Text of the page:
For, as Cilovius very properly observes, “Non Hierosolymo, sed Messie, hoc nomen hic treui, iniltis indiuis constat. 19. Ipse Sucinus et Crollius id ad truant adversus Es.jedinum. hoc argumento, Hierosolyma conprehenditur sib rorum numero quorum Justi'iu est Jekora; non ergo n tutur 1950 1.**.ine Joburn, qui est lesteia nostra, 20. Ex contextu, Christus, non Ecclesia, bic describitur. Mesias hoc loco ita dicitur, ut simal ratio nominis reddatur, quod ipse erit autor Justitiæ nutræ, tlficiei judicium et justitian in terru. 39. Quod Messias ita solet nominibus conjunctis appellari, ut Gen. iv. l, li Jtlocu't ; 2 Sam. vii. 19, Homi, Dominus Deus, which (siarcler It'I (15 tu, “ Ft hec est lex luminis, Dei Duniini, sive Jehov.z; i.e. intelligo te de tali Mesiæ locutur, cujus rationes exigent, ut sit simul veris homo et æternus Deus." And Peters follows this interpretation 10. E locis paralldis, Esa. sh. 23, 25, Omnis lingua confitebitur, uique in Jeho a justitia riusta. Vide Rom. xiv. ll. !.il. ii. 10.
trouble of a very slight examination, we shall readily discern that every feature in this prophetic, picture perfectly agrees with the person of Christ, and that the resemblance between them is so remarkably striking, that we must instantly confess, with the centurion at the cross, truly this man is the Son of God.
Let us, then, in the first place, see with what propriety the blessed Jesus may be said to be wonderful. Was not the birth of the Son of God of a virgin truly miraculous? “ Behold, a virgin shall conccive and bear a son, and they shall call his name Immanuel :” and that God should send his own Son, in the likeness of sinful fleshi, to condemn sin in the flesh, and that we might be made the righteousness of God in him, such knowledge is too wonderful for us, we cannot attain unto it. This is a prodigy which baffles the wisdom of the philosopher and exceeds the penetration of the most sagacious. The Son of God, born of a virgin, calls for our admiration; the Son of God, lying in a manger, is an object worthy our highest adoration !*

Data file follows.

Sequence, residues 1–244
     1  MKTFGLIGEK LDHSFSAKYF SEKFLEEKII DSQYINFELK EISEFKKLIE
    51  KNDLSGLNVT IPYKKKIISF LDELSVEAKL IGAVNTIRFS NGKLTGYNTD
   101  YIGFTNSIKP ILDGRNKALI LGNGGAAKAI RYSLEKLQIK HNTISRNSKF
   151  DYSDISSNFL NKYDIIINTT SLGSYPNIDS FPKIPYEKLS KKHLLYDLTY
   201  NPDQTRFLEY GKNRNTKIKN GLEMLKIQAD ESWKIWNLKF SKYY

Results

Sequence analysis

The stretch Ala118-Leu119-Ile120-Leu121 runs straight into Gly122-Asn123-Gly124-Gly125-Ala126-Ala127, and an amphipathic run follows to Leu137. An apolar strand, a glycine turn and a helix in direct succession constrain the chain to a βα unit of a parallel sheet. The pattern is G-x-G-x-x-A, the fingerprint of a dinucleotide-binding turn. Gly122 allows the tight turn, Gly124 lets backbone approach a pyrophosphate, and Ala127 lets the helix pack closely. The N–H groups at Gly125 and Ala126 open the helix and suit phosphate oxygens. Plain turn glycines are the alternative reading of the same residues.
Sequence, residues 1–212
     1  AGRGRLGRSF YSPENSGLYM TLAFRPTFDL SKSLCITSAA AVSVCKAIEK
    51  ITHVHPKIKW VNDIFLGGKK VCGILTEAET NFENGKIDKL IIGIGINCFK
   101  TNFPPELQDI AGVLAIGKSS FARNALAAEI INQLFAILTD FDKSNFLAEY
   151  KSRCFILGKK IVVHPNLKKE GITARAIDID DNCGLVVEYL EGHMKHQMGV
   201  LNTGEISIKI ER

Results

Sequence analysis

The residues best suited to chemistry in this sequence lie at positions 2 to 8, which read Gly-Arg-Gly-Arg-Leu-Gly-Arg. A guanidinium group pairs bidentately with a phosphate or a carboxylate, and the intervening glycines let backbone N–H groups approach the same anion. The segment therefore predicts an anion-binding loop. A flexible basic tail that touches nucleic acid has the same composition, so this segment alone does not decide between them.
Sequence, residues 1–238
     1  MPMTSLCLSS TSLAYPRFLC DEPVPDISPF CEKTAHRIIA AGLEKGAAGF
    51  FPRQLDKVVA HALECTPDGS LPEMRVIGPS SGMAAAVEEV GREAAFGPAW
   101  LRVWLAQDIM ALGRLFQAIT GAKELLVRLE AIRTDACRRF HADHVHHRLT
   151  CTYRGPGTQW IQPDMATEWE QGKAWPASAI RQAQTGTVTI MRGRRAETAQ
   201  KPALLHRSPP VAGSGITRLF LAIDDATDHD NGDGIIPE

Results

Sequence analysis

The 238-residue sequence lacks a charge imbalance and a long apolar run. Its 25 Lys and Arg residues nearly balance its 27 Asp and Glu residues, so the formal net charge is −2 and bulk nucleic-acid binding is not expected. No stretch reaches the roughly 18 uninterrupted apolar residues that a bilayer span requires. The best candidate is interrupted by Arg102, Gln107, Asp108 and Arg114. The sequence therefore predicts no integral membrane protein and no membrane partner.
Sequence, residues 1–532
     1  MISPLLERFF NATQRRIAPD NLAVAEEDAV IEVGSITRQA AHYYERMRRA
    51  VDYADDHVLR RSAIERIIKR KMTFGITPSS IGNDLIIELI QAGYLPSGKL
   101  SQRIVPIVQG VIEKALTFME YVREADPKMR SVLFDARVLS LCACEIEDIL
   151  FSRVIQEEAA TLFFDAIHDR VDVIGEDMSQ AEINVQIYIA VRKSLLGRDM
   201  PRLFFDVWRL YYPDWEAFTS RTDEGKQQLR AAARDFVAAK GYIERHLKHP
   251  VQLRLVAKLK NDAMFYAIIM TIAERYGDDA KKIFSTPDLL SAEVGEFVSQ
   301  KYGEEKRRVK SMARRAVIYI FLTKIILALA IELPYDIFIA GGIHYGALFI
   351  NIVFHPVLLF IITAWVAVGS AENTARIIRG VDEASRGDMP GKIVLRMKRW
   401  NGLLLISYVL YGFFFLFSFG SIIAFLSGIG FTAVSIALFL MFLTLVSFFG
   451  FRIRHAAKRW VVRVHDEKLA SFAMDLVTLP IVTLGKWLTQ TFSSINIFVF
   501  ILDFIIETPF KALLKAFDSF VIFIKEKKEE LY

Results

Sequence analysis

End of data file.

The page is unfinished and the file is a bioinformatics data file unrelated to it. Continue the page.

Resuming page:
Thus wonderful was Christ in his birth, and his life was but onc continued series of miracles. Let us view him walking on the raging sea, and speaking the boisterous waves into the most serene calm : let us hear the answer sent to John by Christ himself: “ The blind receive their sight and the lame walk, the lepers are cleansed and the deaf hear, the dead are raised up and the poor have the Gospel preached to them;"! and we need not ask what manner of man is this, for no man could have done those things which he did, except God were with him.
* “ Admirabilis Christus dicitur, ratione, 19. Personæ, in quà dux nature hypostatic è uniuntur. 20. Offcii triplicis, in quo potentia, sapientia, et bonitas, admiranda elucescit. 3°. Statùs, tum exanitionis, tum exultationis, eorumque actuum," &c. Calovius. * Alii, tum Hebræi, tum nostri, has voces admirabilem et consiliarium conjungunt. Top videtur esse adjectivum nominis consilivrii, ut sit, consiliarius admirabilis. Velme est substantivum; ita ad verbum est, miraculum consiliari; ut dicere solemus, miraculum, vel monstrum, hominis, pro homine monstroso, vel miraculoso.” Gataker, &c. in Poole. But this opinion greatly diminishes this beautiful climax, and deprives Christ of a distinguishing characteristic.
+ " Sed cur non asserte respondet, se Christum ess? Resp. homires incredulos fion verbis Onvincere voluit, sed factis; quod certius erat testimoniuna, et calum vix minus obnoxium,” Vialdon, ex Chrisost. B 2